Little Odessa
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Post-Soviet “Little Odessa” community in Brighton Beach, New York City is as much a state of mind as a location. It is stuck between two worlds.… Read More
Post-Soviet “Little Odessa” community in Brighton Beach, New York City is as much a state of mind as a location. It is stuck between two worlds. It is a place of ceaseless nostalgic fantasy of countries left behind – a place where immigrants attempt to preserve what they once had in order to transition more smoothly into a life in America. It was in Brighton Beach during the 70s that Soviet immigrants forged a common bond through language and pop culture, thereby guarding an identity that prevents them from adapting to a new world. These cultural similarities echo in everything that the locals do and say – from what they eat and wear, to how they socialize and worship. Though it has been more than two decades since the former Soviet Union fell, there are still many reminders of the old days in Little Odessa. As a result of leaving their homeland during the Soviet years with feelings of longing and disconnectedness, many of the older inhabitants of Little Odessa still cling to Soviet ways that may no longer exist in their countries of origin. As a result, they resist integration into modern American culture while preserving a slice of history. This project attempts to show the juxtaposition of an older generation still clinging to its heritage, and a younger generation that is quickly and eagerly adopting American lifestyles, while also examining the tensions and obligatory partnerships that exists between the first wave of Russian-speaking Jewish immigrants, and the latest influx of Eastern European immigrants that arrived after the fall of the U.S.S.R. Read Less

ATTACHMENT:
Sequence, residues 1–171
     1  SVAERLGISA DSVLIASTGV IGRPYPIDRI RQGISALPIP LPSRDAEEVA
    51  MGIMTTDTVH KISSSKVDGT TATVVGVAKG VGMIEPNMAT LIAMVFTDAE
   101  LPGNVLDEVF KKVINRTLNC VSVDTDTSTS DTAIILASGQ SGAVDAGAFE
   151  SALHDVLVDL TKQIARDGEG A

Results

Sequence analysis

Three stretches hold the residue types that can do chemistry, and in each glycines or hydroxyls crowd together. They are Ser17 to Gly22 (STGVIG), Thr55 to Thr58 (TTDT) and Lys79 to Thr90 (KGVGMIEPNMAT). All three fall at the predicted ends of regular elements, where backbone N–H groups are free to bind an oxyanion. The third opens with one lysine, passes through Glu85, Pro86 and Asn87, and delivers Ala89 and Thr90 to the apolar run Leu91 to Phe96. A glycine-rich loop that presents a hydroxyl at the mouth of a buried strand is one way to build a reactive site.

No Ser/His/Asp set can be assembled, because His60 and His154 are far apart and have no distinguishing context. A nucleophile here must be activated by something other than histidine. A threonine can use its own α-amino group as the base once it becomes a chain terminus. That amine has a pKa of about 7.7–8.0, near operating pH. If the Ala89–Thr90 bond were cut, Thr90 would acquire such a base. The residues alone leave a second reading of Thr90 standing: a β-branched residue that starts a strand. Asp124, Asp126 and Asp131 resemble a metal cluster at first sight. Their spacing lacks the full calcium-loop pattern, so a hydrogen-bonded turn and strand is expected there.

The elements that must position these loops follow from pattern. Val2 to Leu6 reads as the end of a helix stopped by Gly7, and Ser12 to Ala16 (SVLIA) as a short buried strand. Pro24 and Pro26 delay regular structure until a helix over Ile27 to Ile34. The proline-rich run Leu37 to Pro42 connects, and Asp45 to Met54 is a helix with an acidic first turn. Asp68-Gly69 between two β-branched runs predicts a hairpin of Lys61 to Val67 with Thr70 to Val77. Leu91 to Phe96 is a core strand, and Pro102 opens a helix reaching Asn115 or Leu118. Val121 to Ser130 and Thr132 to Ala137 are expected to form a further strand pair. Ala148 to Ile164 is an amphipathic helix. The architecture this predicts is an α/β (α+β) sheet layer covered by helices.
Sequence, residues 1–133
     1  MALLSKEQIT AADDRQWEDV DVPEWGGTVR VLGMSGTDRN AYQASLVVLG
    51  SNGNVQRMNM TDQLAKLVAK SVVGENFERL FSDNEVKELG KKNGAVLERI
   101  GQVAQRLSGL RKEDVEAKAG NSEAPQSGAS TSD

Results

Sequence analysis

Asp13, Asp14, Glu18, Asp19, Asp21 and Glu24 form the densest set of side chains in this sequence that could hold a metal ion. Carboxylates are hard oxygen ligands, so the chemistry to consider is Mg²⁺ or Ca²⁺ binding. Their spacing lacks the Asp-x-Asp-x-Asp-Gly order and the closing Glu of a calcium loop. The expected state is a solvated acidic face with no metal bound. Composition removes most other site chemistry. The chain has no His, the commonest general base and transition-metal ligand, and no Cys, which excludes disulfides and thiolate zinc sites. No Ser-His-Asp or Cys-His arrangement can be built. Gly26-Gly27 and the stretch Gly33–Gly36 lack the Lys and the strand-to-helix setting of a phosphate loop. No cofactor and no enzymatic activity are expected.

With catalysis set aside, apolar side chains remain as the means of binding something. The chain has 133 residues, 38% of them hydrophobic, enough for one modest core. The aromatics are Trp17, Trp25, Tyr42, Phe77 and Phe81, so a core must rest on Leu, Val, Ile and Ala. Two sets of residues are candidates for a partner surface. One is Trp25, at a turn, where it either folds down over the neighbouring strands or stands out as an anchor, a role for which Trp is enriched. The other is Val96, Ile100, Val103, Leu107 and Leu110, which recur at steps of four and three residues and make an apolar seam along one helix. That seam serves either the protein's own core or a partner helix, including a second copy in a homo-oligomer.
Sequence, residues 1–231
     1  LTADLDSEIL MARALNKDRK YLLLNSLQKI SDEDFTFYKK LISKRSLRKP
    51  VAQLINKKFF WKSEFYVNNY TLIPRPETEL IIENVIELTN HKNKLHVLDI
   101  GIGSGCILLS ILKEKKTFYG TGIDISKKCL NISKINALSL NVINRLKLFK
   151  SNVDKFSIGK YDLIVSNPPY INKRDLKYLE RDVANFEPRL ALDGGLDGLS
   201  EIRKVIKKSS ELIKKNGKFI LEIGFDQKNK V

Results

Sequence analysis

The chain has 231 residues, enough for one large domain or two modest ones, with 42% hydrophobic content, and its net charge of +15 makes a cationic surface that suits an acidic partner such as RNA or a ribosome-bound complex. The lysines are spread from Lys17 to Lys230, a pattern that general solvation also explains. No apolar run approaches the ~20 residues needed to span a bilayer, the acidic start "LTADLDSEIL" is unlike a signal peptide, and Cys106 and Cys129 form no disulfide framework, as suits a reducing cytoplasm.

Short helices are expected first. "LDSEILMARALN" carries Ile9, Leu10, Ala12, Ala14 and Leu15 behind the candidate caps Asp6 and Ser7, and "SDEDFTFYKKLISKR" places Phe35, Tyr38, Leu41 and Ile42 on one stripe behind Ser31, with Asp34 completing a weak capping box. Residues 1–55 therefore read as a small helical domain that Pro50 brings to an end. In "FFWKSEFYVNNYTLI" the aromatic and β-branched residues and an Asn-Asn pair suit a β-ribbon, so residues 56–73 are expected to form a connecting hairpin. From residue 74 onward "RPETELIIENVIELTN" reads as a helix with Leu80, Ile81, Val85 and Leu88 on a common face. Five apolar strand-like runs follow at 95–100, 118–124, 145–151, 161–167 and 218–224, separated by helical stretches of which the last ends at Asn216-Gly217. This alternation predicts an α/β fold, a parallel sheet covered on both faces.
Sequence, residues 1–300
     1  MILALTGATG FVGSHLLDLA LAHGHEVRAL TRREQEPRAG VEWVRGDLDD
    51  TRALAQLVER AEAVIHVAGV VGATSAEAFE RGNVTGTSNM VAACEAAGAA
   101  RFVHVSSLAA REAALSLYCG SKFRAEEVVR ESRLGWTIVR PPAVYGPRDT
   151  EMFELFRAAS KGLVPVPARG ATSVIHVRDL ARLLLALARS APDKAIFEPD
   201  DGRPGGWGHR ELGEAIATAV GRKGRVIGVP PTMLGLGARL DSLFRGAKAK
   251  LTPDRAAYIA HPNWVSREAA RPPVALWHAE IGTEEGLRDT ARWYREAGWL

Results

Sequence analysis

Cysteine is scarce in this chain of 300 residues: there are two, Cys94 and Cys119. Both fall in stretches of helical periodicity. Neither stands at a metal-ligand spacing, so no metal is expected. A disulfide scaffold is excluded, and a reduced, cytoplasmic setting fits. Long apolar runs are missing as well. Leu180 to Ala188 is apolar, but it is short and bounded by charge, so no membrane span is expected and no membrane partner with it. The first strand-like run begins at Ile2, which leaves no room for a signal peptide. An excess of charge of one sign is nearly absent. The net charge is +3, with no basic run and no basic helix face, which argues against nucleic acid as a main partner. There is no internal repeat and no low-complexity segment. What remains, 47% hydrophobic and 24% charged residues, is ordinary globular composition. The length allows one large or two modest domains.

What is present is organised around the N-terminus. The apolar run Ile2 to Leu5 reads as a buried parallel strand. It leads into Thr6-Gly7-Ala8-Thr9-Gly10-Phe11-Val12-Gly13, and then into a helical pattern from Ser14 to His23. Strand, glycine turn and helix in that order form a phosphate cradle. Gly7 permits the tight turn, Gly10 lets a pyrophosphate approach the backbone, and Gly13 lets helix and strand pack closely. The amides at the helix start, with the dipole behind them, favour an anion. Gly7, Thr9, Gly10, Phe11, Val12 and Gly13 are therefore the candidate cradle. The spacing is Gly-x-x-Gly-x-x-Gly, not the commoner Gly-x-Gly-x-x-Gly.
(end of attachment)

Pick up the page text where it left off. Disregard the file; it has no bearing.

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Little Odessa
 
    The “Little Odessa” community in Brighton Beach, New York City is as much a state of mind as a location on a map. It is stuck between two worlds. It is a place of ceaseless nostalgic fantasy of countries left behind – a place where immigrants attempt to preserve what they once had in order to transition more smoothly into a life in America. It was in Brighton Beach during the 70s that Soviet immigrants forged a common bond through language and pop culture, thereby guarding an identity that prevents them from adapting to a new world. These cultural similarities echo in everything that the locals do and say – from what they eat and wear, to how they socialize and worship.
 
    As a result of leaving their homeland during the Soviet years with feelings of longing and disconnectedness, many of the older inhabitants of Little Odessa still cling to Soviet ways that may no longer exist in their countries of origin.  As a result, they resist integration into modern American culture while preserving a slice of history.
 
    I have chosen to document this community because I, myself, emigrated to the U.S. from Ukraine. As a result of this shared experience I can relate to my subjects on a very intimate level. The people of Little Odessa have embraced me like family. In many ways their lives mirror my own. Like them, I have struggled with identity and the disconnectedness experienced from attempting to reconstruct a world from memories of my past.